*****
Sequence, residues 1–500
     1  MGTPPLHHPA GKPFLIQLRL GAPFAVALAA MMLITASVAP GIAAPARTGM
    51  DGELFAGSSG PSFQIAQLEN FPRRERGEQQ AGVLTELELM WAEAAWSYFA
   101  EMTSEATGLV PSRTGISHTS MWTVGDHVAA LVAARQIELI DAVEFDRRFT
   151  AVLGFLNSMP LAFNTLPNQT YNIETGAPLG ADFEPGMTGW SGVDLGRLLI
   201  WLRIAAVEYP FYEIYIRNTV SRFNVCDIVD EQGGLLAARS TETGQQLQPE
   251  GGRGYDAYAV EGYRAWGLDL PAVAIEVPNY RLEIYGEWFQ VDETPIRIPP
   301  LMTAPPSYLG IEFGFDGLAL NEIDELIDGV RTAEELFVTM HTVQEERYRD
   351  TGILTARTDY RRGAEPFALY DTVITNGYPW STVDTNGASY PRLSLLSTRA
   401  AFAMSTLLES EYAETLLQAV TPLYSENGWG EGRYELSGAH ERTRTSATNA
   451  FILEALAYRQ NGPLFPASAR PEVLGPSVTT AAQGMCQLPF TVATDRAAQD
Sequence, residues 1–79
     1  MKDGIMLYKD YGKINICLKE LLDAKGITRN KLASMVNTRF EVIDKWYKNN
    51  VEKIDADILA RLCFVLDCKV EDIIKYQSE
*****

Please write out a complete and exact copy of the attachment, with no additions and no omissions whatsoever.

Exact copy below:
Sequence, residues 1–500
     1  MGTPPLHHPA GKPFLIQLRL GAPFAVALAA MMLITASVAP GIAAPARTGM
    51  DGELFAGSSG PSFQIAQLEN FPRRERGEQQ AGVLTELELM WAEAAWSYFA
   101  EMTSEATGLV PSRTGISHTS MWTVGDHVAA LVAARQIELI DAVEFDRRFT
   151  AVLGFLNSMP LAFNTLPNQT YNIETGAPLG ADFEPGMTGW SGVDLGRLLI
   201  WLRIAAVEYP FYEIYIRNTV SRFNVCDIVD EQGGLLAARS TETGQQLQPE
   251  GGRGYDAYAV EGYRAWGLDL PAVAIEVPNY RLEIYGEWFQ VDETPIRIPP
   301  LMTAPPSYLG IEFGFDGLAL NEIDELIDGV RTAEELFVTM HTVQEERYRD
   351  TGILTARTDY RRGAEPFALY DTVITNGYPW STVDTNGASY PRLSLLSTRA
   401  AFAMSTLLES EYAETLLQAV TPLYSENGWG EGRYELSGAH ERTRTSATNA
   451  FILEALAYRQ NGPLFPASAR PEVLGPSVTT AAQGMCQLPF TVATDRAAQD
Sequence, residues 1–79
     1  MKDGIMLYKD YGKINICLKE LLDAKGITRN KLASMVNTRF EVIDKWYKNN
    51  VEKIDADILA RLCFVLDCKV EDIIKYQSE